Another curiosity is that in the Grimm’s version -the wild man Hans tells the boy that the ‘key’ to let him out is under his mother's bed (Norton, p.330). Shortly after, when the King returns to find that Hans has been let out, it is the Queen who worries. She is afraid that her husband will suspect her, and of what exactly we may ask? The innuendo of a ‘wild man’ knowing that the ‘key’ is “under the Queen’s pillow” makes us suspect and question her immediate response of guilt. Without reading too deeply into the text, we get the underlying impression that mother dearest has been “fooling around” with Hans. It is curious that the Grimm’s decided to include this sexual, even Oedipal, innuendo when it was not in the prior version. Considering they typically avoid this topic of sex to supplement moral values, at least according to what Tatar has to say, then we can assume that something else is at work here.

The boy is of course banished to the woods, and Hans grants him asylum. His task remains the same in each version: guard the magical pool that turns everything to gold. This fits with Jack Zipes' categorizing of an ‘oral tale’. In his essay “Cross-Cultural Connections" he mentions that, “The plot generally involves a protagonist who is confronted with an interdiction or prohibition which he or she violates in some way. Therefore, there is generally a departure of banishment and the protagonist either is given a task or assumes a task related to the interdiction of prohibition” (Zipes, 848). The reference to gold pops up numerous times. There is the “golden key,” the “gold ball,” the “gold finger,” the “gold hair,” and the “golden apple”. The boy fails three times at the task of keeping the pond pure (as aforementioned by Zipes) and Hans exiles him into the ‘adult’ world. This is when the second large discrepancy occurs.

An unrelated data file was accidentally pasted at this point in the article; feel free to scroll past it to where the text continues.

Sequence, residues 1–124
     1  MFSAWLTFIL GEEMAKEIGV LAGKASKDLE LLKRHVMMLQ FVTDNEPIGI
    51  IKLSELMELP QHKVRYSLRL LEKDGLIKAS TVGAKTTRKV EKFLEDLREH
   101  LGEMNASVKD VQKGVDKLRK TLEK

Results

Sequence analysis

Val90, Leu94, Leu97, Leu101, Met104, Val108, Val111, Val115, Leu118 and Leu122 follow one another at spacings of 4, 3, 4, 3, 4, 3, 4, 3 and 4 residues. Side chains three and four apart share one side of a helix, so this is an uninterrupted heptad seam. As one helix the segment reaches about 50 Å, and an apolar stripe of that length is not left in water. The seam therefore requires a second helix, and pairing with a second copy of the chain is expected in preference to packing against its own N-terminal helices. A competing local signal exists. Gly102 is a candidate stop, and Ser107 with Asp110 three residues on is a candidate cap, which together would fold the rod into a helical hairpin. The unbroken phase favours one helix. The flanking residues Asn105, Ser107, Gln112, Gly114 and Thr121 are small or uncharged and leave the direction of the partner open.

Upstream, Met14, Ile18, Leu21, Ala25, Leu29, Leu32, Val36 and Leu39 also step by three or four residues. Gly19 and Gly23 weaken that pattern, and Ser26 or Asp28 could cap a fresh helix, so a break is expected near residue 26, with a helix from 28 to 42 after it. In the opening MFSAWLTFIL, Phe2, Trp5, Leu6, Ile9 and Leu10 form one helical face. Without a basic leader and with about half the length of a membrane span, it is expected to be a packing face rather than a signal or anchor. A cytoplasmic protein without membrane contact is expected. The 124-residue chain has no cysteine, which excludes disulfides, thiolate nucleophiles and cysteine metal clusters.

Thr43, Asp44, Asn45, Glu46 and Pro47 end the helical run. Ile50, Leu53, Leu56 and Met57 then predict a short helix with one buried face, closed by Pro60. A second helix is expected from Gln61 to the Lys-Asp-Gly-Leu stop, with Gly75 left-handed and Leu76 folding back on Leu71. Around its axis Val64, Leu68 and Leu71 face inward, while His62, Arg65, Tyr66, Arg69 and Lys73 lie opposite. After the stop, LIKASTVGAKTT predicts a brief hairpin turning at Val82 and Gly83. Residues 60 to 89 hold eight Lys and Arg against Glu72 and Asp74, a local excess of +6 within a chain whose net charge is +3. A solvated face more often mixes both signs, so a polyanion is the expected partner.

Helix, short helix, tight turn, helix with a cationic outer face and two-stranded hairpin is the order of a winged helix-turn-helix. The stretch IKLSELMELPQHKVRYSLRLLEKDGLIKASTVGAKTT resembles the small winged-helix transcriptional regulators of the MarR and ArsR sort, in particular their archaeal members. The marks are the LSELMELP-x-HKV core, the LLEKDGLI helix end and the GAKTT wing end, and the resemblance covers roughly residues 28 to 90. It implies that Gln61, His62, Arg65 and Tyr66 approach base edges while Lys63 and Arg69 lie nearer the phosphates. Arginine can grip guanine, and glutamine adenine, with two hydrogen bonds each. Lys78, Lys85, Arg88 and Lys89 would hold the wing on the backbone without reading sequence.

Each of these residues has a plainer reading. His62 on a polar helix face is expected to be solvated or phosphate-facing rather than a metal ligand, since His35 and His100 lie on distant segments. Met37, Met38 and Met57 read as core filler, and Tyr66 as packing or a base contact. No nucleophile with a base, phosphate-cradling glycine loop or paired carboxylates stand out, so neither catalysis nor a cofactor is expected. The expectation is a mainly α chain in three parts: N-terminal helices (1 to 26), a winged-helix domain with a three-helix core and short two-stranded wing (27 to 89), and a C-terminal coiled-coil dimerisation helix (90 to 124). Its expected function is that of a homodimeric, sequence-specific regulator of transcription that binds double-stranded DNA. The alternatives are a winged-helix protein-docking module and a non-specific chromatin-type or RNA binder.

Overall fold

In the version by Arnim, the princess spots Hans in the garden and sees his golden locks of hair, instantly falling in love with him. Yet when she beckons him forth and attempts to remove his handkerchief upon his head, which he uses to conceal his ‘golden’ hair, she fails three times. This ensures that the boy's true identity remains secret when he becomes the mysterious knight. However, the Grimms allow the princess to succeed upon the first attempt in unveiling the young boy. Again, this is a change worth noting, because it could upset the entire order of the stories' progression. The original version stays truer to the ‘oral’ styling rules set down by Zipes of keeping the hero mysterious until his timely unvailing at the stories end, but the air of mystery is lost in the transition to the Grimm’s version. After revealing the child as the ‘golden’ one the Princess attempts the same thing the next day. This appears as more of a flirtation between the princess and the boy and breaks away from the standard foreshadowing and use of mystery that the original tale utilizes. This flirtation leads away from the oral roots and what Zipes explains as the integral concept of wonderment and hope which all oral tales have (848). This brings us to the third big discrepancy in the two versions of Iron Hans.